A new water tower for Centertown is about to be commissioned.
Adam Brown, of the Centertown board of directors, said the 60,000 gallon tank was put in place late last month and sandblasting and painting was underway.
“They must have completed the work by Oct. 31 and we hope the tower will be operational around Nov. 20,” Brown said.
The current water tower, which was built in the 1950s, has lead paint on the exterior, which is expensive to replace, Brown said.
Brown also said the new tower will be 110 feet tall and sits at a higher elevation than the old tower.
In addition to the new water tower, the $ 1.62 million project to improve the downtown water distribution and storage system includes the construction of approximately 1,080 feet of water main. water and improvement of the existing well house.
Funding for the project consists of a grant of $ 733,000 from the State Revolving Fund for Drinking Water, a loan of $ 245,000 from the revolving fund and a block community development grant of 625,000. $ from the Ministry of Economic Development. The remaining $ 17,546 comes from local sources. The funding provided by the Missouri Department of Natural Resources is expected to save taxpayers $ 733,000 in principal and approximately $ 50,000 in interest charges over the 20-year term of the loan.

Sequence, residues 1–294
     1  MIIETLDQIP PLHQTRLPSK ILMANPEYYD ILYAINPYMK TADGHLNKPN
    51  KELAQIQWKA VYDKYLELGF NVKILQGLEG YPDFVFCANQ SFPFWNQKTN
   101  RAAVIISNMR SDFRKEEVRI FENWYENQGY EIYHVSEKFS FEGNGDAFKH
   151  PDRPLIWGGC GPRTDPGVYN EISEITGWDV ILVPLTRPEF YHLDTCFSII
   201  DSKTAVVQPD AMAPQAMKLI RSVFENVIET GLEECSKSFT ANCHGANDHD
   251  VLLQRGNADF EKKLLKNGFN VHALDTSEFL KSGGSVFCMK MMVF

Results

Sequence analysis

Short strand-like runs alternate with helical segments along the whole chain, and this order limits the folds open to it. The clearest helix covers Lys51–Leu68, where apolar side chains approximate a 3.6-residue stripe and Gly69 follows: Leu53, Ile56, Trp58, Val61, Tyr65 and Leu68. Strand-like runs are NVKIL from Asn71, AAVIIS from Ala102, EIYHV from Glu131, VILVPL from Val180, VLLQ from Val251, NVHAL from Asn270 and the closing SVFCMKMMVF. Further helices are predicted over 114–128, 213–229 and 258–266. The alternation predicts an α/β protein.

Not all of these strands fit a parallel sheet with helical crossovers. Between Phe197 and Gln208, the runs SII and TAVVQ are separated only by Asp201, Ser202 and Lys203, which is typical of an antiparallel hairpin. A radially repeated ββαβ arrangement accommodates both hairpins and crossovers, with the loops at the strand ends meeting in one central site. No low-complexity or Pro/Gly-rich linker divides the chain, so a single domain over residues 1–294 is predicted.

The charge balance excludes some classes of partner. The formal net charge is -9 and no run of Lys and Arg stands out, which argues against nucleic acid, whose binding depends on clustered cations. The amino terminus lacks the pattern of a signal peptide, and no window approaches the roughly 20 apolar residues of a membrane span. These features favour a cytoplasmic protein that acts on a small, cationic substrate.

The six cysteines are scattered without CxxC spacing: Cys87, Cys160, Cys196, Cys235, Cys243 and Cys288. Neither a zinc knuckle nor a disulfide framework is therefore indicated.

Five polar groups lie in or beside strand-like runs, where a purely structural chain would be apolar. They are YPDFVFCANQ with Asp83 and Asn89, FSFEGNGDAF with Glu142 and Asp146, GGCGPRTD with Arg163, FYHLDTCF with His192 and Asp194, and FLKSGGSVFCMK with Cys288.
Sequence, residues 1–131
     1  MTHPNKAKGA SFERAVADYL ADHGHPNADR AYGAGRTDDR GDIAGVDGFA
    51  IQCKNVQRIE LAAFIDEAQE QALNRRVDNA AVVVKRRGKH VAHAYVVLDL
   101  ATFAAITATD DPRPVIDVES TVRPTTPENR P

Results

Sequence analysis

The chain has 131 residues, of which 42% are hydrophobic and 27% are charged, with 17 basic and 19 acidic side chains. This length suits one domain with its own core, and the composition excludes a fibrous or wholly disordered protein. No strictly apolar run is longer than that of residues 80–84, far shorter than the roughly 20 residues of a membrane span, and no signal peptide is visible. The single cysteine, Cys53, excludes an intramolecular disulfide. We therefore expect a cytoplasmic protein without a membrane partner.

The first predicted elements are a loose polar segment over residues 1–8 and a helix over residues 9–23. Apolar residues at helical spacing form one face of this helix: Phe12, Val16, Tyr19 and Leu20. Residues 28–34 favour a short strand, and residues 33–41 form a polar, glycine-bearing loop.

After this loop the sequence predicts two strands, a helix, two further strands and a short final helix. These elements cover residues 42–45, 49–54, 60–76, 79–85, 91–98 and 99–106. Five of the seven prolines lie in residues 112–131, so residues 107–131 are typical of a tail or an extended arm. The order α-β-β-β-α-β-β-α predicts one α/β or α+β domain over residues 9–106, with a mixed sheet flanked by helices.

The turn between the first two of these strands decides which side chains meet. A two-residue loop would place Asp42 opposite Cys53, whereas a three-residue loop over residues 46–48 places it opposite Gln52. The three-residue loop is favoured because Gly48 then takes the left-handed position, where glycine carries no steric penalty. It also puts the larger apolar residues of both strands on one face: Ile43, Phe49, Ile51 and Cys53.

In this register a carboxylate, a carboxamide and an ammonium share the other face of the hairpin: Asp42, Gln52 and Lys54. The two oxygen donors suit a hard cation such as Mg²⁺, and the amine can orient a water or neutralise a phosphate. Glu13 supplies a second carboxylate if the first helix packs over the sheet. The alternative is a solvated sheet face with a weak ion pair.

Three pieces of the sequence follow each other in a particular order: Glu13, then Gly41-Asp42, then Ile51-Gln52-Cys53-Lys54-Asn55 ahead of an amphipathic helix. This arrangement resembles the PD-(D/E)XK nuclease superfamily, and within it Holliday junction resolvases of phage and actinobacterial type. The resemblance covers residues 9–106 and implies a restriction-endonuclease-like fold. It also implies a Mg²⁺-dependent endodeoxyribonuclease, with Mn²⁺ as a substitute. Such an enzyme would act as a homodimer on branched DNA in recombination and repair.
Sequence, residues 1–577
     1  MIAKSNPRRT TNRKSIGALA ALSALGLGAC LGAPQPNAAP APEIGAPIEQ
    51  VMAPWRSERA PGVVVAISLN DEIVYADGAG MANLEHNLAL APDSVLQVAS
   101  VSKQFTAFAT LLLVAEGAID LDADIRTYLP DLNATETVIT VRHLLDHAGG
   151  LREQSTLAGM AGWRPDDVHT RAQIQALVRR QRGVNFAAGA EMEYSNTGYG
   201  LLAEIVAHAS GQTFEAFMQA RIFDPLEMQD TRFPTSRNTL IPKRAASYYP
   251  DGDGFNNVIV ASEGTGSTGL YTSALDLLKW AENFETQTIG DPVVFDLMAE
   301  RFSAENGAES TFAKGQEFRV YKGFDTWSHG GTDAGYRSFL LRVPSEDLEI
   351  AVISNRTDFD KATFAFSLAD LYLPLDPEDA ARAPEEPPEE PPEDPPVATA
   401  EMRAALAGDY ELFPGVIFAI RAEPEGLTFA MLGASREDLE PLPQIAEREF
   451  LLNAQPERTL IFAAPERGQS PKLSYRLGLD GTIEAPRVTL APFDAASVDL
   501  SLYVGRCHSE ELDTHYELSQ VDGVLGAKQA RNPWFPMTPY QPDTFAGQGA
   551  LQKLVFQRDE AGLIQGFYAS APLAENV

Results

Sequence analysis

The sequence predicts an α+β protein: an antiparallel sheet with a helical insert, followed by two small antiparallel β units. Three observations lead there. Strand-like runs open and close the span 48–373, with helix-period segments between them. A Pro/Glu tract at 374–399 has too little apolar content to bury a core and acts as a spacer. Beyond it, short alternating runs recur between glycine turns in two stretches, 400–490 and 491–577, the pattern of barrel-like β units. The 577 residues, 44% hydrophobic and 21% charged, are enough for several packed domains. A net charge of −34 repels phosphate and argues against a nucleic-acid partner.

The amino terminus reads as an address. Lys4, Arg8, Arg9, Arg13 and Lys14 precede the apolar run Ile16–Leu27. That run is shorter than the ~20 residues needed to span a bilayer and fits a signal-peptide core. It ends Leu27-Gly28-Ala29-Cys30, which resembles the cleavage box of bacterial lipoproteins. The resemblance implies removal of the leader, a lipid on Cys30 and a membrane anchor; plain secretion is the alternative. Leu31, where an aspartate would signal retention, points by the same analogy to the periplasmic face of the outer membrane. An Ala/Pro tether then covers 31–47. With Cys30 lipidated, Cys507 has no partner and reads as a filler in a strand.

Voters in the city center also adopted a $ 1.5 million tax bond issue for improved water services in November 2018.
The engineering company the city hired, Bartlett and West, told council the water pressure would likely double in most homes in the city.
“We are trying to alert anyone with older homes to this and have their plumbing checked by a plumber, as the higher pressure can cause problems,” Brown said. “Notices have been sent to residents on what to look for if they have any problems.”
Meanwhile, Brown said it would take them some more time before they could take care of a sanitation system for the city.
“We’re still probably waiting three years before we can really get into planning,” Brown said. “Bartlett and West have been working with state lawmakers and county officials to see how they can help, and they’ve been receptive.
“We’re looking at an $ 8-9 million project to put something in the village or get a system to pump it to Jefferson City,” Brown added. “We now have 300 people in the community using septic tanks, so we need to find a way to deal with it. “